Seventy people work in Ridley’s main headquarters facility in Belgium.
Just off the E313 highway in Paal, Belgium, there’s a large industrial park. Among the various box-shaped buildings is one that stands out for anyone with even a mild interest in cycling. Here, about an hour east of Brussels, is the world headquarters of Ridley Bikes.
Inside this 12,000-square meter facility, you wont find any manufacturing. That all happens in Asia. But there is real work going on. Each day, about 70 employees conspire to take the raw frames that arrive at the shipping-and-receiving dock, and guide those frames through a labor intensive process that includes quality control, transfer sticker attachment, painting, curing, and final component build-up that yields ready-to-ride, fully hand-painted frames.
The hallmark output is of course Ridley’s cyclocross bikes. If you’ve watched any elite level cyclocross in the last decade, you know that on the World Cup circuit, Ridley is the dominant player. Seven of the last 11 men’s world championship titles have been won on one of the Belgian bike-maker’s top-shelf ’cross steeds — a feat that is commemorated in the paint job of the most recent X-Night frame, Ridley’s top-shelf carbon race bike.
“Because Belgium is such a cycling country, it’s very important for us to have a large presence in the professional ranks,” explained Jochen Bessemans, Ridley PR and marketing manager and RoadBikeReview’s tour guide during our visit to the Paal facility. “Our success at the professional level is something we are very proud of.”
An in-house design studio creates transfer stickers that guide Ridley’s painter staff. Each bike model and size gets its own set.
In 2013, Ridley outfitted 11 pro teams, including the Fidea and Sunweb pro cyclocross squads and the Lotto-Belisol WorldTour team that includes sprinter extraordinaire Andre Greipel.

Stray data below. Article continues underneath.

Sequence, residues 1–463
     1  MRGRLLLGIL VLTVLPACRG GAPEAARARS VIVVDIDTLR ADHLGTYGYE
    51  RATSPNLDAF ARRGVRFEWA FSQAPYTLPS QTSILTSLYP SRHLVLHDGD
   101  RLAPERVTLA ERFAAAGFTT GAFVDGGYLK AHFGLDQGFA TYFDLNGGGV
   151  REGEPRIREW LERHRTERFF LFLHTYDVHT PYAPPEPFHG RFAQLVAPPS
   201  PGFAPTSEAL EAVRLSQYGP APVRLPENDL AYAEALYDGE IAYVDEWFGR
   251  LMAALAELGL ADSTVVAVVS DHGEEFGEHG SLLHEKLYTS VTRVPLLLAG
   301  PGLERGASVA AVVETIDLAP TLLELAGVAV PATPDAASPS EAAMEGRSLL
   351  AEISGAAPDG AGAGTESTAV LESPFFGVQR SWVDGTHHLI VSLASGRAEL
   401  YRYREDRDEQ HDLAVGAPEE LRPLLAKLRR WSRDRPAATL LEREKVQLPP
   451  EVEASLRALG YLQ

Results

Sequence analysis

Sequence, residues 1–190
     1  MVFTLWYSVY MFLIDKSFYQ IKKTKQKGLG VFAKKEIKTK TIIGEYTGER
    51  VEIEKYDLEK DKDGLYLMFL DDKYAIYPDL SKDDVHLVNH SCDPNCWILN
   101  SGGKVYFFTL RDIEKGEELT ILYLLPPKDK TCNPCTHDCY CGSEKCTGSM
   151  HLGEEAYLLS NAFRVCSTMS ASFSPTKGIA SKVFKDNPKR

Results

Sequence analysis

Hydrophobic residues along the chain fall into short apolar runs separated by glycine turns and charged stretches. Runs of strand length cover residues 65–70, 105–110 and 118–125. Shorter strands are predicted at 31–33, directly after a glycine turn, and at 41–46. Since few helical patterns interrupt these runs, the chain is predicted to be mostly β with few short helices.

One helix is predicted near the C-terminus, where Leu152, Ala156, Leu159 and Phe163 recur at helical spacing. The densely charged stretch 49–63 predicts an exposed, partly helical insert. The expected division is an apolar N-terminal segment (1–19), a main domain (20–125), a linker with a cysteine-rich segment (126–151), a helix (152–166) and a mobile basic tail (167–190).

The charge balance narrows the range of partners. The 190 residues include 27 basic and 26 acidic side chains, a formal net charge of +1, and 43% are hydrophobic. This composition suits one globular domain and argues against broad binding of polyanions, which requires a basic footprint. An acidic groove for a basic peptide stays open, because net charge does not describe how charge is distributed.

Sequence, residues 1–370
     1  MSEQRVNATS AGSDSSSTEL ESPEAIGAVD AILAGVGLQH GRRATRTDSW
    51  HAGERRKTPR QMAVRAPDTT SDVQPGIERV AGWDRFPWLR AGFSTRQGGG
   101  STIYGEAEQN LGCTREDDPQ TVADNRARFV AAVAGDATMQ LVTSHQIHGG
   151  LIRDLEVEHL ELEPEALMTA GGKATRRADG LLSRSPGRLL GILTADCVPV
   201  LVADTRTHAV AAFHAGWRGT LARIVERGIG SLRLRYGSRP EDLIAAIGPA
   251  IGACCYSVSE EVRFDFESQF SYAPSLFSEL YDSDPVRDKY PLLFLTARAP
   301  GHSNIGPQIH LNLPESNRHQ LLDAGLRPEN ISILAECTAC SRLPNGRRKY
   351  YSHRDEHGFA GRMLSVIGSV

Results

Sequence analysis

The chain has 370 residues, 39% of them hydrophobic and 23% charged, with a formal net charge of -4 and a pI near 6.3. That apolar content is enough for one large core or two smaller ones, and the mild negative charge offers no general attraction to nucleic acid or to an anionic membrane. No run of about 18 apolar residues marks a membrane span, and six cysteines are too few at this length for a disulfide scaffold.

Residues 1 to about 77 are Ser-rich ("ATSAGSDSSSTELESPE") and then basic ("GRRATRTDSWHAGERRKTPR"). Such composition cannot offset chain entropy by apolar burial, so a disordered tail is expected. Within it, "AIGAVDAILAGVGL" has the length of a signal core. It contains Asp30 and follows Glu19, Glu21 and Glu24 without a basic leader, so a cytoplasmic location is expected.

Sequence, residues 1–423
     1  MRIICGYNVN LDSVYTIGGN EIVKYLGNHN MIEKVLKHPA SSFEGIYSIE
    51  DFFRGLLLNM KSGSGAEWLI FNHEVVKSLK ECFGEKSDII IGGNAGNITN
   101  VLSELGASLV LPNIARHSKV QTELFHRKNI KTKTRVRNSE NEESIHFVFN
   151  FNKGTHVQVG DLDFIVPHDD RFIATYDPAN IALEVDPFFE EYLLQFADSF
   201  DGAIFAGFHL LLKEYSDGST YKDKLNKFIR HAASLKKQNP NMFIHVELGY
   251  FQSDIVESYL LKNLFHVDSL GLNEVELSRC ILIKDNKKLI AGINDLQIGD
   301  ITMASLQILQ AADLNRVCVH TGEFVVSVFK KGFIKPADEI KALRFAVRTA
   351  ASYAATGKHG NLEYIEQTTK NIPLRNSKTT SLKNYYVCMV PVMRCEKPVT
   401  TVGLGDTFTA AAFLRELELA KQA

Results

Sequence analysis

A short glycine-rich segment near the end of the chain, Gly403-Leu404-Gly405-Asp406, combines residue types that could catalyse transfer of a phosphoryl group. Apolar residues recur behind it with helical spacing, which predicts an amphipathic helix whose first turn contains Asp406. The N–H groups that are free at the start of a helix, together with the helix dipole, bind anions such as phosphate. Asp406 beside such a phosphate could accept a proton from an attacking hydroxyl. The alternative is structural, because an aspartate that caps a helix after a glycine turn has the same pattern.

“It’s a huge commitment for us,” added Bessemans. “For the Lotto team alone it comes out to about 2 million euros ($2.7 million U.S.) a year when you include equipment. It’s four bikes for each of the 29 riders.”
The process of getting a frame ready for retail takes at least a full day. Raw frames are prepped for painting, taped off using specially designed transfer stickers, painted, cured, and then given a clear coat in a special room that must remain dust free at all times. All told, frames typically pass through the paint rooms three times, as each different color and corresponding set of transfer stickers are applied. When everything is running smoothly, about 130 frames are painted per week.
Simultaneously, Ridley employs a team of designers whose job is to create the transfer stickers that assure all paint ends up where it’s supposed to. Literally every model size gets its own custom packet of transfer stickers.
After painting, frames spend about three hours in a curing oven, which completely dries the paint and assures maximum adhesion. The frames then move to the building’s lower level for final parts assembly and shipping. About 450 bikes are assembled per week.
The amount of handwork that goes into each frame is truly impressive.
In order to make this possible, Ridley stocks just about every type of bike component known to man, including groupsets from SRAM, Shimano and Campagnolo. Worldwide production is about 30,000 units, which includes cyclocross, road, and mountain bikes distributed to 69 countries. Ridley also has its own component line called 4ZA (produced, forza).
To learn more about the Ridley operation, check the extensive photo gallery below, and watch this video from our friends at the Global Cycling Network. It includes an interview with company founder Joachim Aerts, who started the operation out if his family garage when he was 18 years old. And in case you were wondering, the name of the company traces its roots to Aerts’ admiration of famed film director Ridley Scott. His favorite Scott picture? Blade Runner.